2013 Successes

We reached many goals in the 2013 with help from our partners and the community. We are proud of our accomplishments and thank everyone for your continued support.

1. Asthma programs expand, educate about lung health

Through our asthma curriculum, we have taught tens of thousands of community members how to manage asthma through the correct use of medications, avoidance of asthma triggers and proper responses to asthma emergencies.

In 2013, through our Fight Asthma Now® curriculum, we taught these skills to more than 1,000 students in Chicago and southern Cook County Schools. We also taught more than 3,000 teachers, parents and caregivers with our adult curriculum, Asthma Management. A special thanks to the Polk Bros. Foundation and the Aileen S. Andrew Foundation for their grant support.

Thanks in part to a grant from Healthcare Foundation of Northern Lake County, in 2013, we expanded our asthma programming to Lake County, where children experience asthma at a higher rate than the national average. Our Fight Asthma Now and Asthma Management programs educated nearly 400 children and adults during our first year in Northern Lake County.

Asthma education is vital for children and adults - well-managed asthma leads to better health outcomes, fewer missed school days and a reduced number of emergency room visits.

2. Innovative research advances lung health

We continue to fund innovative research with our partners at major institutions. We are currently funding four researchers who are studying lung cancer, COPD and other issues related to breathing at University of Chicago, University of Illinois at Chicago and U.S. Naval Hospital.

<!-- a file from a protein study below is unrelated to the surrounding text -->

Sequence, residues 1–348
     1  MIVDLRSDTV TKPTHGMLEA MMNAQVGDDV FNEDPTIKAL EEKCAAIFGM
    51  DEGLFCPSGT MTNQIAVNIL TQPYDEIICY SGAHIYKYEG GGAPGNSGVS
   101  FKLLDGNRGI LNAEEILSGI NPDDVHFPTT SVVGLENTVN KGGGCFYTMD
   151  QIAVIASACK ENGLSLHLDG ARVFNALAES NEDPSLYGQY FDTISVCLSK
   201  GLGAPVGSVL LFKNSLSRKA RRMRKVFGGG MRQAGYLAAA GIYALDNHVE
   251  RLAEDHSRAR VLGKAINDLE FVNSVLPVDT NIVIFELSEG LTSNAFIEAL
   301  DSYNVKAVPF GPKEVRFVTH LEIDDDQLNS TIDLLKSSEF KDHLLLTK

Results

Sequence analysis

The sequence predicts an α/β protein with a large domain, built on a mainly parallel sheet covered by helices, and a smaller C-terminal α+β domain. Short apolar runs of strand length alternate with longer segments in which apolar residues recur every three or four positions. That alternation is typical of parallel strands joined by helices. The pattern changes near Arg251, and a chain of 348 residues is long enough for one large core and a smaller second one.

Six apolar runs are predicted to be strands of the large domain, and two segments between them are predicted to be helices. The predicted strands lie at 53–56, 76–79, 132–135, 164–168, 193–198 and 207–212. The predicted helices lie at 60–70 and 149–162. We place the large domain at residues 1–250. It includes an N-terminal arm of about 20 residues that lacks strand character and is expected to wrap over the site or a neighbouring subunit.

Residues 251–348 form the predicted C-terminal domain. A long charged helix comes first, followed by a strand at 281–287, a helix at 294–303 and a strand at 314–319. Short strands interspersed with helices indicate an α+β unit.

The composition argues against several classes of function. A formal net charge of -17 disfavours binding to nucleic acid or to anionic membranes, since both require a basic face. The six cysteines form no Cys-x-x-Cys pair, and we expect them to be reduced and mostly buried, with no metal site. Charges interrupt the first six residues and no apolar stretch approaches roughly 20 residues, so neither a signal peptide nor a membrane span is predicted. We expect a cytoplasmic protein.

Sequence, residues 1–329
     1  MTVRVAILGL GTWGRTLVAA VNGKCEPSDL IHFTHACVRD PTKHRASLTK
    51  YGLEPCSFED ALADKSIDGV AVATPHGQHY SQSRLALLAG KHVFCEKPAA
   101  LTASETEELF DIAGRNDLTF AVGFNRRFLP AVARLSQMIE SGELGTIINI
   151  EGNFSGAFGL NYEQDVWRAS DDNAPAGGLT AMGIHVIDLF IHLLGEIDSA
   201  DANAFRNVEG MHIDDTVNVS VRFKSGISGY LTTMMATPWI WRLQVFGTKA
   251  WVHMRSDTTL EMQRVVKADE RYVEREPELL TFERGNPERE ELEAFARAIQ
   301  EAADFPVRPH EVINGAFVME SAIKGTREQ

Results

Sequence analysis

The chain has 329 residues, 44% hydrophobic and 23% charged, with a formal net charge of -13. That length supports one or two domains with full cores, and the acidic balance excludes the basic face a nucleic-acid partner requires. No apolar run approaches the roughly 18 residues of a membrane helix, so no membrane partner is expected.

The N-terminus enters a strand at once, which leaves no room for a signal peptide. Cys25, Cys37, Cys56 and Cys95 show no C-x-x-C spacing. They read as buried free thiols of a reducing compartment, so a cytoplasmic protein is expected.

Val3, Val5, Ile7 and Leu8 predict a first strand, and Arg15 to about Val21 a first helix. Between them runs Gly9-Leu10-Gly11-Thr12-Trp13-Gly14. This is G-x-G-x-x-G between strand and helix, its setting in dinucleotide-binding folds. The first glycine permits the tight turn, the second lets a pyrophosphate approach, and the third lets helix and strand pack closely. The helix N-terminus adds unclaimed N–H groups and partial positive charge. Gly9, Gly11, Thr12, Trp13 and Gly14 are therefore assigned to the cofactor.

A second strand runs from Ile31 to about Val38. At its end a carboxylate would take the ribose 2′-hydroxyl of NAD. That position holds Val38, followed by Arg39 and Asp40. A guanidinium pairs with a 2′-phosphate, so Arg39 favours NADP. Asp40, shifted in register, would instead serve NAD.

In August, we announced a lung cancer research award to Dr. Ravi Salgia at University of Chicago Medical Center. Dr. Salgia is studying a potential therapeutic target for treating lung cancer, which remains the leading cause of cancer deaths among men and women in the United States.

We are proud to be part of several working groups with local researchers examining research collaboratives that will advance lung disease treatments and the care of people living with lung disease.

3. Program for COPD patients celebrates 10-year anniversary

In November, we celebrated the 10th anniversary of our Living Better with COPD Conference, one of several programs that have helped us become a leader in COPD education and advocacy. At the conference, 300 people living with COPD and their caregivers joined us to learn about COPD, which affects an estimated 1.2 million people in Illinois. Conference speakers discussed the importance of managing COPD, the benefits of exercise and pulmonary rehab, and the significance of lung health advocacy.

Many of the conference attendees also participate in our annual Cruising with COPD event in June, a social event where more than 500 people with COPD enjoy a day on Lake Michigan with others who share similar experiences. The cruise is the largest event for COPD patients in the United States.

4. Courage to Quit program brings success to no-smoking policies